Who hosts? Traditionally it is the brides parents that host the engagement party, however with wedding etiquette constantly evolving it is not rare to see friends of the couple hosting the party, or even the couple themselves choosing to throw their own gathering.
Who is invited? Usually anyone who is invited to the engagement party is also invited to the wedding. However, this doesn’t mean you have to invite everyone from the wedding to your engagement party. Many couples opt to keep the guest list to close friends and family. But, if you are having a rather small wedding and can’t accommodate everyone, the engagement party could be a great opportunity to include those who you can’t invite to the wedding.
Do you register beforehand? Though gifts aren’t traditionally expected, it is often the case that guests will show up with gifts in hand. For this reason it might be useful and helpful to your guests to have a registry to refer to!
Guest etiquette for engagement parties
Are gifts required for an engagement party? If there is no registry what are we supposed to give the couple? Don’t Overdo the Gift. We love the idea of giving something special for the couple to enjoy together. Don’t feel pressured to give something over the top or elaborate, but rather something that shows how much you care about the couple and their future life together.
Show your genuine style. We love the idea of giving a special set of champagne flutes for the couple to cheers with, or for a more foodie option, a tasteful basket of fine cheeses and meats for the couple to snack on during a pre-wedding picnic. We are especially in love with these baskets from Cured, a local Boulder, CO shop. If you really want to put the future newlyweds to the test, gift them with the Williams-Sonoma Newlywed cookbook and let them create amazing memories testing out new recipes.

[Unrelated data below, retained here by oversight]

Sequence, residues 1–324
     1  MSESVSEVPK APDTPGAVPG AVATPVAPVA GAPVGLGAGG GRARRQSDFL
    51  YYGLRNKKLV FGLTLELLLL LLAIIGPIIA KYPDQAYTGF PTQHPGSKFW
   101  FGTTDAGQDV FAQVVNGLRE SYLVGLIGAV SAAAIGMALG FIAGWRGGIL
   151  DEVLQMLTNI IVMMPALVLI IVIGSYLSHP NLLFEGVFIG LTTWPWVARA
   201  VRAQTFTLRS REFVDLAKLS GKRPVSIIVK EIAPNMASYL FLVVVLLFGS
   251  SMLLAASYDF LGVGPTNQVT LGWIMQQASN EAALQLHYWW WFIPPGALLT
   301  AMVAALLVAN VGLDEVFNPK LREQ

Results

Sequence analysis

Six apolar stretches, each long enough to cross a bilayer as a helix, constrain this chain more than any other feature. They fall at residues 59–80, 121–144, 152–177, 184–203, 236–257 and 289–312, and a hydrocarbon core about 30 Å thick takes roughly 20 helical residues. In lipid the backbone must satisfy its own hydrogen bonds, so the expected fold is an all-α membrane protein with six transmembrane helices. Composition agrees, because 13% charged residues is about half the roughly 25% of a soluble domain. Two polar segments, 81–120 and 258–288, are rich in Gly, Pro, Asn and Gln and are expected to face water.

The Bachelorette & Bachelor Party:
Bridal party etiquette for Bachelor & Bachelorette parties
Who pays? Traditionally the bridesmaids and groomsmen foot the bill for the bachelor or bachelorette festivities, including all of the costs for the bride and groom. You want them feel as special as possible so make it a point to save some extra cash to make the weekend the best it can be. That being said, you don’t want to break the bank and become resentful of the special weekend, so make sure to keep an open dialogue with the bride or groom about what is reasonable.
Listen Closely! The bachelor and bachelorette parties are supposed to be symbolic of the bride and grooms last single time out. That being said, not every bride or groom wants that wild weekend in Vegas (though there is nothing wrong with that!) Be the best bridesmaid or groomsmen you can be by listening to the needs of the guest of honor, even if its not exactly what you want. You want them feel comfortable and appreciative of all of your hard work.
Say Cheese! Make sure to document the weekend by snapping pics. You can even make a scrapbook or photo collage later on for the bride or groom to keep. However, make sure that you are social media cautious and double check with the guest of honor about what they want posted.